Yoann Guillemenet

Université Paris-Sud 11, Orsay, Île-de-France, France

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Publications (12)0.28 Total impact

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    ABSTRACT: The main objective of this paper is to give an overview of different hybrid MRAM/CMOS cells to use in the context of reconfigurable computing. The way to convert magnetic information into an electrical one is not unique and we propose to compare different kind of hybrid cells. These hybrid cells can be used to define structures as Look-up Table, configuration memory point, Flip-flop and other basic elements needed to define programmable logic. Even if these cells were designed for the TAS (Thermally Assisted Switching) MRAM technology, it is possible to adapt them to more advanced technologies such as STT (Spin Transfer Torque).
    New Circuits and Systems Conference (NEWCAS), 2013 IEEE 11th International; 01/2013
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    ABSTRACT: As the fabrication technology node shrinks down to 90nm or below, high standby power becomes one of the major critical issues for CMOS logic circuits due to the high leakage currents. A number of non-volatile storage technologies such as FRAM, MRAM, PCRAM and RRAM and so on, are under investigation to bring the non-volatility into the logic circuits and then eliminate completely the standby power issue. Thanks to its infinite endurance, high switching/sensing speed and easy D integration after CMOS process, MRAM is considered as the most promising one. Numerous logic circuits based on MRAM technology have been proposed and prototyped in the last years. In this paper, we present an overview and current status of these logic circuits and their potential applications in the future.
    Proceedings of the 21st ACM Great Lakes Symposium on VLSI 2010, Lausanne, Switzerland, May 2-6, 2011; 01/2011
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    ABSTRACT: As the fabrication technology node shrinks down to 90nm or below, high standby power becomes one of the major critical issues for CMOS high-speed computing circuits (e.g. logic and cache memory) due to the high leakage currents. A number of non-volatile storage technologies such as FeRAM, MRAM, PCRAM and RRAM and so on, are under investigation to bring the non-volatility into the logic circuits and then eliminate completely the standby power issue. Thanks to its infinite endurance, high switching/sensing speed and easy 3D integration after CMOS process, MRAM is considered as the most promising one. Numerous logic circuits based on MRAM technology have been proposed and prototyped in the last years. In this paper, we present an overview and current status of these logic circuits and discuss their potential applications in the future from both the physics and architecture points of view.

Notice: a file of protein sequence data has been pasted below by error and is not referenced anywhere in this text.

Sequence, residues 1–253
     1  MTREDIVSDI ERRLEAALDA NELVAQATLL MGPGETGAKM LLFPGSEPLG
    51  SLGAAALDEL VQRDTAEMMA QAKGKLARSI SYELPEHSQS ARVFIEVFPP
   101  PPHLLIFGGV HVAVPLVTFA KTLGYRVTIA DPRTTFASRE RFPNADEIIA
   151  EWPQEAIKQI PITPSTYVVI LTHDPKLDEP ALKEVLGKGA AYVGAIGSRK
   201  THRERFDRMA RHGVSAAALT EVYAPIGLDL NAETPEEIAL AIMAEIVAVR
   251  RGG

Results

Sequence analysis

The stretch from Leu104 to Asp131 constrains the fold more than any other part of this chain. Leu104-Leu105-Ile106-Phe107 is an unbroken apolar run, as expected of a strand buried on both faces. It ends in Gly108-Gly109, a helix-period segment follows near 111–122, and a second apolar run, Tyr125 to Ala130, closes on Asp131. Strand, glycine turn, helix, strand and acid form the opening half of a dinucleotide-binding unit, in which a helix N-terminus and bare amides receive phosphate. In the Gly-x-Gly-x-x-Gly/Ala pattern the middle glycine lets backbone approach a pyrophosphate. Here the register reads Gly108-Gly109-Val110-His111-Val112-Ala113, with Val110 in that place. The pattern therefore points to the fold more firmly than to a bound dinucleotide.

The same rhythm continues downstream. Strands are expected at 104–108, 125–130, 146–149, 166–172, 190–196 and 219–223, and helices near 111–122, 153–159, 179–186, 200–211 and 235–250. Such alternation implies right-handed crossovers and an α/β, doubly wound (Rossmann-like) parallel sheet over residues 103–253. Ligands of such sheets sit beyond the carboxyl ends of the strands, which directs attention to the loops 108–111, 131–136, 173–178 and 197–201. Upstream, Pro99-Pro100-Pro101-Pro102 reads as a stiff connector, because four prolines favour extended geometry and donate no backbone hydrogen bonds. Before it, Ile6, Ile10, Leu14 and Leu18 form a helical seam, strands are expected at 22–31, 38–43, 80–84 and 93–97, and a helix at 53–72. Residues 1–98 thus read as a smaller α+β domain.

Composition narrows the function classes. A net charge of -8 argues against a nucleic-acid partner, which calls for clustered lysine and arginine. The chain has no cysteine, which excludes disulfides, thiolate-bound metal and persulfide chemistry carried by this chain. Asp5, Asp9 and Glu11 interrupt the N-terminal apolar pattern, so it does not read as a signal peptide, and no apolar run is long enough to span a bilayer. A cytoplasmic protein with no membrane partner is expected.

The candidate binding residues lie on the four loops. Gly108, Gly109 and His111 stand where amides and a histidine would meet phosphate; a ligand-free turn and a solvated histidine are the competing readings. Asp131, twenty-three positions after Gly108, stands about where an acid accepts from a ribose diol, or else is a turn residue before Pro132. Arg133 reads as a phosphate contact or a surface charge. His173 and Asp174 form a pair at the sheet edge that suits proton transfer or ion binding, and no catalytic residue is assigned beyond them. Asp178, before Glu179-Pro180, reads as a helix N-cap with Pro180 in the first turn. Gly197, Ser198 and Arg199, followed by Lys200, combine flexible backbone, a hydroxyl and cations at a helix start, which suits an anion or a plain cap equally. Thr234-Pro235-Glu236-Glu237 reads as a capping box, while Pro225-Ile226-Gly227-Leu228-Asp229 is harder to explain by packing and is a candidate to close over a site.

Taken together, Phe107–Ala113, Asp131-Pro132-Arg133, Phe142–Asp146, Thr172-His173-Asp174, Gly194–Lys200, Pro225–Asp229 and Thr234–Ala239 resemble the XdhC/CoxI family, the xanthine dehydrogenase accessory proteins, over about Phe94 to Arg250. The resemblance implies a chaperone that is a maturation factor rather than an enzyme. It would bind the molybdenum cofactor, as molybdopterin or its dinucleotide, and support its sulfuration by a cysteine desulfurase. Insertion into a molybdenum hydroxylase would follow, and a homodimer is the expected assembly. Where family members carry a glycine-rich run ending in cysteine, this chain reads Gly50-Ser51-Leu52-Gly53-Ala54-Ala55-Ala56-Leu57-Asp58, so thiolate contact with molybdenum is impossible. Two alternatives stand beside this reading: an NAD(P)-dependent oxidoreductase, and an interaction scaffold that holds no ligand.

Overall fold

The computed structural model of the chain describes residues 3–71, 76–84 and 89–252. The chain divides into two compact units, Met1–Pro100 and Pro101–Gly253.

IEEE/IFIP 19th International Conference on VLSI and System-on-Chip, VLSI-SoC 2011, Kowloon, Hong Kong, China, October 3-5, 2011; 01/2011
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    Integrated Circuit and System Design. Power and Timing Modeling, Optimization, and Simulation - 21st International Workshop, PATMOS 2011, Madrid, Spain, September 26-29, 2011. Proceedings; 01/2011
  • Y. Guillemenet, L. Torres, G. Sassatelli
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    ABSTRACT: This study describes the integration of thermally assisted switching magnetic random access memories (TAS-MRAMs) in field-programmable gate array (FPGA) design. The non-volatility is achieved through the use of magnetic tunnelling junctions (MTJs) in an MRAM cell. A TAS scheme is used to write data in the MTJ device, which helps to reduce power consumption during a write operation in comparison with the conventional writing scheme used in MTJ devices. Furthermore, the non-volatility allows reducing both power consumption and configuration time required at each power-up of the circuit in comparison with classical static random access memory-based FPGAs. An innovative architecture furthermore provides run-time reconfigurable (RTR) support at minimum area overhead. A RTR FPGA element using TAS-MRAM allows dynamic reconfiguration mechanisms, while featuring simple design architecture.
    IET Computers & Digital Techniques 06/2010; · 0.28 Impact Factor
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    ABSTRACT: The current SRAM based FPGA, are more and more susceptible to Single Event Upset (SEU) due to Neutron particle interference. The problem is exasperated reducing the CMOS submicronic scale in the manufacturing process, specially for the next generation of SRAM-based FPGAs. Nowadays is common practice for SRAM manufactories to embed fault tolerant mechanisms like Error-Correcting Code schemes in SRAM memory banks for CMOS technology below 90 nm, to mitigate SEU. The present work proposes an approach to improve the reliability of the FPGAs, regarding SEU events at ground level for the future submicronic scale technologies proposing the adoption of Magnetic Random Access Memories (MRAMs) cells into a simple fault-tolerant system for FPGAs manufactured below 65 nm submicronic scale.